Handheld and QRP Antennas

Handheld and QRP Antennas
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About Handheld and QRP Antennas at Moonraker

Moonraker offers a wide range of handheld antennas, providing radio hams with a wide selection to choose from.

The addition of a better quality antenna for your handheld radio will allow you to pick up weaker signals and diminish noise, leading to clearer communications; the reach is more extended and sensitive. An external handheld antenna can also be directional, allowing operators to focus the signal.

QRP means operating a radio at lower power so outputs 5 watts or less for morse/data modes or 10 watts for voice. At lower power you’ll need a very efficient antenna. Don't make the mistake of thinking low power means a limited antenna.

It’s possible to lose half the radio’s power with a poor antenna system, and if you’re choosing to power down, this will uncover any shortcomings in your unit and operator skill set.

Select a QRP antenna that sends as much RF as possible; increase to full power, and you’ll also have an advantage.

Communicating via QRP provides more mobile options when energy resources are restricted and equal better operating in locations with no energy limitations. It also creates less interference for other radio users.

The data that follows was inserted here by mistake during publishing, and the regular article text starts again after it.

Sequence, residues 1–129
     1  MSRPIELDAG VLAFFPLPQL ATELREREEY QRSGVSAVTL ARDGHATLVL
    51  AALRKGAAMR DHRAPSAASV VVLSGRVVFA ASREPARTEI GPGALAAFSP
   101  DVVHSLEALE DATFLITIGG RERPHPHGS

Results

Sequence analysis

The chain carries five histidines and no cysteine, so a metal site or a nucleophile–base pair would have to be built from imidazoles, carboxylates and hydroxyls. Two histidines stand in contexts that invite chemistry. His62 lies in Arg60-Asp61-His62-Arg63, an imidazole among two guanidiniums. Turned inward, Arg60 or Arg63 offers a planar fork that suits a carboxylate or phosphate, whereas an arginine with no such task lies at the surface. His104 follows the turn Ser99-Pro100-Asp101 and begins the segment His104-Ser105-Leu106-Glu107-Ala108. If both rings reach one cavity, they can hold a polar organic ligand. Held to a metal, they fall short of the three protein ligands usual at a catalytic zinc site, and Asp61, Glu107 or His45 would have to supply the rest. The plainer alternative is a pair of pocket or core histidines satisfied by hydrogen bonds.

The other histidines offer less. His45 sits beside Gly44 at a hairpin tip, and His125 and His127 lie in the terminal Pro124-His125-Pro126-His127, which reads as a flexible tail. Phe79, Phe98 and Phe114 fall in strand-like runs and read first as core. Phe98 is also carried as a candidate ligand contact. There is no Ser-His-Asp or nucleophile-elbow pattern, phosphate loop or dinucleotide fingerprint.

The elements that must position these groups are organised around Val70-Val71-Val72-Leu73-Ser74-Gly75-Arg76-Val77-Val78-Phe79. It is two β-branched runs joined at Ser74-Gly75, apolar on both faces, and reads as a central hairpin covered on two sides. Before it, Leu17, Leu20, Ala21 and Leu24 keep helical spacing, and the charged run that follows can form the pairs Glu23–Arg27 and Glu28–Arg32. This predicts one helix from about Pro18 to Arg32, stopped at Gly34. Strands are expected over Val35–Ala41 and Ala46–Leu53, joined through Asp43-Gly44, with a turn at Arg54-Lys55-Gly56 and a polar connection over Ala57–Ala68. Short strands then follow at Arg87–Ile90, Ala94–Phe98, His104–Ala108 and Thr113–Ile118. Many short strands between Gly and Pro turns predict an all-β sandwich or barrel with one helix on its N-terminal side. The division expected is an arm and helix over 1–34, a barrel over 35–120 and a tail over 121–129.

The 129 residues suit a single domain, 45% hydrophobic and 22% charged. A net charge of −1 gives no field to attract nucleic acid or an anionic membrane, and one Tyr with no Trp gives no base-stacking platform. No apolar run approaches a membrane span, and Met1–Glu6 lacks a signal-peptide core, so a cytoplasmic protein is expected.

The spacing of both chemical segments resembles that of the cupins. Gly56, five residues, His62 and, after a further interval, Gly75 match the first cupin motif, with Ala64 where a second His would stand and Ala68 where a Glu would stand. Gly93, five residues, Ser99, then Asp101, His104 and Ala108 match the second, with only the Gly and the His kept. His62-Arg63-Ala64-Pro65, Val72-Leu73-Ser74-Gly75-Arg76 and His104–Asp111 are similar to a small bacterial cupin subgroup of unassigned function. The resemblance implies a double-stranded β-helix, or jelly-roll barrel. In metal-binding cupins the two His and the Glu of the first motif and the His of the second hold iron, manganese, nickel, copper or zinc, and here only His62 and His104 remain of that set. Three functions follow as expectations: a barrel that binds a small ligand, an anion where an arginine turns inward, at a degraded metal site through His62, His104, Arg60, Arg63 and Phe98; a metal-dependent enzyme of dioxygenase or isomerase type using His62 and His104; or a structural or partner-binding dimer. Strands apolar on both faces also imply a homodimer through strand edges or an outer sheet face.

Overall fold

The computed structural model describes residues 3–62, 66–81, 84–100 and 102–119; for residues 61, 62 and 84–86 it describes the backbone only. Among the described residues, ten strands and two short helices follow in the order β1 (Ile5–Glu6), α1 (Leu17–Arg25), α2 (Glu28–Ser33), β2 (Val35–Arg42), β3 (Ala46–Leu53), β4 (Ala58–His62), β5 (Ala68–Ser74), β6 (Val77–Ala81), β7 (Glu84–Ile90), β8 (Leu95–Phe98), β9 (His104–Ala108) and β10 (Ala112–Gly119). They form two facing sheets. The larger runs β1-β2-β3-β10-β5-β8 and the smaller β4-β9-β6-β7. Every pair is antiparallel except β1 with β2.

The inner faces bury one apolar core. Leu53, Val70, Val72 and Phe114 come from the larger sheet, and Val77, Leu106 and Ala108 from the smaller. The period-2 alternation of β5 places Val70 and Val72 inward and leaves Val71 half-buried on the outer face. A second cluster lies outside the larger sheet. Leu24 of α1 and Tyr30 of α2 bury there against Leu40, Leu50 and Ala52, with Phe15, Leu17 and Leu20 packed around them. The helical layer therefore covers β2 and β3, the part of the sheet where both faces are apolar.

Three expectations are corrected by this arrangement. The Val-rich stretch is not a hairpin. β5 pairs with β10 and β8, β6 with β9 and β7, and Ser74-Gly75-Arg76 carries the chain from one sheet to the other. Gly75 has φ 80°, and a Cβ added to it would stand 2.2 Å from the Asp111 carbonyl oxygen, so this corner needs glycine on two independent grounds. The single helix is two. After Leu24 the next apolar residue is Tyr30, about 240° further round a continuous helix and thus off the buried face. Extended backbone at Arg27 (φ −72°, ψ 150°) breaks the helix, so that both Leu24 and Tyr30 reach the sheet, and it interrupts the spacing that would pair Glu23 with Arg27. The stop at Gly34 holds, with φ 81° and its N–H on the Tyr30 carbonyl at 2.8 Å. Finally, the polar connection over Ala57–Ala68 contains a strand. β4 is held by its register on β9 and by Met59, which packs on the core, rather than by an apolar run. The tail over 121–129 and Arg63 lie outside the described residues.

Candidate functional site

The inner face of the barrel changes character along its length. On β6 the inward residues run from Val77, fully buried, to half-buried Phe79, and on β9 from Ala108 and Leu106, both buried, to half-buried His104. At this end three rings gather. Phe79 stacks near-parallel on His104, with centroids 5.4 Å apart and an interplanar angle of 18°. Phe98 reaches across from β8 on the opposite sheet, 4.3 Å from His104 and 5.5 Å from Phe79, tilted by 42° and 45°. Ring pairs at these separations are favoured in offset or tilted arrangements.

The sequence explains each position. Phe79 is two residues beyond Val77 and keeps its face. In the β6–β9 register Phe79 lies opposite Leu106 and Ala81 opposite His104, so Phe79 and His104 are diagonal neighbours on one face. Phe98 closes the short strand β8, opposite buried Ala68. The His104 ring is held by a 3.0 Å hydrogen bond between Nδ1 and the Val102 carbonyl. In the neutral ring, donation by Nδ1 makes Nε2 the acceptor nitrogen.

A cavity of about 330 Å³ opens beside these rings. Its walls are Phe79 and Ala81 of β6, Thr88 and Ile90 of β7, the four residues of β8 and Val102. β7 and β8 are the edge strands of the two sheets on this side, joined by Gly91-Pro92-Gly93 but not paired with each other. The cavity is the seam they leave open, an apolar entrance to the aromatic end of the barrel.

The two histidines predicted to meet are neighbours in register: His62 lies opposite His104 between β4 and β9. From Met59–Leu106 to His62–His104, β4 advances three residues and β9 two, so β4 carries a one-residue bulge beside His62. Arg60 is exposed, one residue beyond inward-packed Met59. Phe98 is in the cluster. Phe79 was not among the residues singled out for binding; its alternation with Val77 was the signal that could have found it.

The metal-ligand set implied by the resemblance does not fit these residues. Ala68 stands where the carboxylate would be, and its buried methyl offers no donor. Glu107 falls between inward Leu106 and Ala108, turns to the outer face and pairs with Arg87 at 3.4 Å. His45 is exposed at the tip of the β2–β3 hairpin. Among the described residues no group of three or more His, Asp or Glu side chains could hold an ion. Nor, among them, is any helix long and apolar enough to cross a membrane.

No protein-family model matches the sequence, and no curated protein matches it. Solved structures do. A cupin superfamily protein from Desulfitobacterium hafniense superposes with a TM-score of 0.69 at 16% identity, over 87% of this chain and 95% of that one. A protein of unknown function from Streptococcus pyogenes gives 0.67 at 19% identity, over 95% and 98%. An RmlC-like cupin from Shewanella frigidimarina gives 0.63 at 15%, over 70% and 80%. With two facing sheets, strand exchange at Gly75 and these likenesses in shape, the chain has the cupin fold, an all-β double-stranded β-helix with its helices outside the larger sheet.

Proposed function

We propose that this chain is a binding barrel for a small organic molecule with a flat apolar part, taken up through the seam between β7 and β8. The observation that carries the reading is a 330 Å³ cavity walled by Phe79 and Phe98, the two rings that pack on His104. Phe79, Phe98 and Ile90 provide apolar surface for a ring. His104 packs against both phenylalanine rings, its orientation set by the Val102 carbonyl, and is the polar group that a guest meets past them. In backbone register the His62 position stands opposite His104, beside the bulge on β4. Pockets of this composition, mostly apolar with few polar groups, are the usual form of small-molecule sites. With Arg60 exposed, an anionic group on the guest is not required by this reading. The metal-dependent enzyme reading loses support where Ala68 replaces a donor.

Browse the Moonraker collection of handheld and QRP antennas, a great addition to any amateur radio collection. These options reinvent the level of communication performance for hobbyists and radio hams.

What are Handheld and QRP Antennas?

A handheld antenna is a bit of a misnomer as it’s a piece of kit designed for a handheld radio. These portable radio antennas offer improved signal strength and increased range compared to the factory included equivalent.

QRP originates from the Q Code, a standard of three-letter codes starting with the letter ‘Q.’ 

The British government created the Q Codes at the beginning of the last century, developed for commercial radiotelegraph and used by British ships and coast stations. Amateur radio hams adopted it.

QRP operation covers transmitting at reduced power while attempting to message over the maximum possible range. This three-digit code originally meant ‘Should I reduce power?’ but is now an accepted standard for operating at low power.